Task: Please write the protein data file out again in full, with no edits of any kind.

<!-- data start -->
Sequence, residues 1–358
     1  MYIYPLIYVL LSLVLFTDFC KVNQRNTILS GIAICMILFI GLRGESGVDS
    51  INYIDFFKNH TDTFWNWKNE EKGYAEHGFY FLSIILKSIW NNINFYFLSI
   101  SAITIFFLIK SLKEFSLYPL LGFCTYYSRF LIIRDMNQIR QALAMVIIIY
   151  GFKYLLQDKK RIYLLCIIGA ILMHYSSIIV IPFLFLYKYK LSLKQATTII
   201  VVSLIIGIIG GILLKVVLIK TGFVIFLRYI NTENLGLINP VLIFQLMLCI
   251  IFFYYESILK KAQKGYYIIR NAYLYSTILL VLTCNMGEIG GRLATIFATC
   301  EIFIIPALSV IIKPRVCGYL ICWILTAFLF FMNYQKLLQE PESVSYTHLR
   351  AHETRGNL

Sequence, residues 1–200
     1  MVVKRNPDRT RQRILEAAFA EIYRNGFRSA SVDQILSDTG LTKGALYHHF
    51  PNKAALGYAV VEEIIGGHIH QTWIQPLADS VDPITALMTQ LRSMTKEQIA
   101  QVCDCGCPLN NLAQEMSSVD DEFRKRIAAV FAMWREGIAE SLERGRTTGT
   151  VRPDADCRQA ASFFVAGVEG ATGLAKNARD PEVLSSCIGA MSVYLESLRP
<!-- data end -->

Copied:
Sequence, residues 1–358
     1  MYIYPLIYVL LSLVLFTDFC KVNQRNTILS GIAICMILFI GLRGESGVDS
    51  INYIDFFKNH TDTFWNWKNE EKGYAEHGFY FLSIILKSIW NNINFYFLSI
   101  SAITIFFLIK SLKEFSLYPL LGFCTYYSRF LIIRDMNQIR QALAMVIIIY
   151  GFKYLLQDKK RIYLLCIIGA ILMHYSSIIV IPFLFLYKYK LSLKQATTII
   201  VVSLIIGIIG GILLKVVLIK TGFVIFLRYI NTENLGLINP VLIFQLMLCI
   251  IFFYYESILK KAQKGYYIIR NAYLYSTILL VLTCNMGEIG GRLATIFATC
   301  EIFIIPALSV IIKPRVCGYL ICWILTAFLF FMNYQKLLQE PESVSYTHLR
   351  AHETRGNL

Sequence, residues 1–200
     1  MVVKRNPDRT RQRILEAAFA EIYRNGFRSA SVDQILSDTG LTKGALYHHF
    51  PNKAALGYAV VEEIIGGHIH QTWIQPLADS VDPITALMTQ LRSMTKEQIA
   101  QVCDCGCPLN NLAQEMSSVD DEFRKRIAAV FAMWREGIAE SLERGRTTGT
   151  VRPDADCRQA ASFFVAGVEG ATGLAKNARD PEVLSSCIGA MSVYLESLRP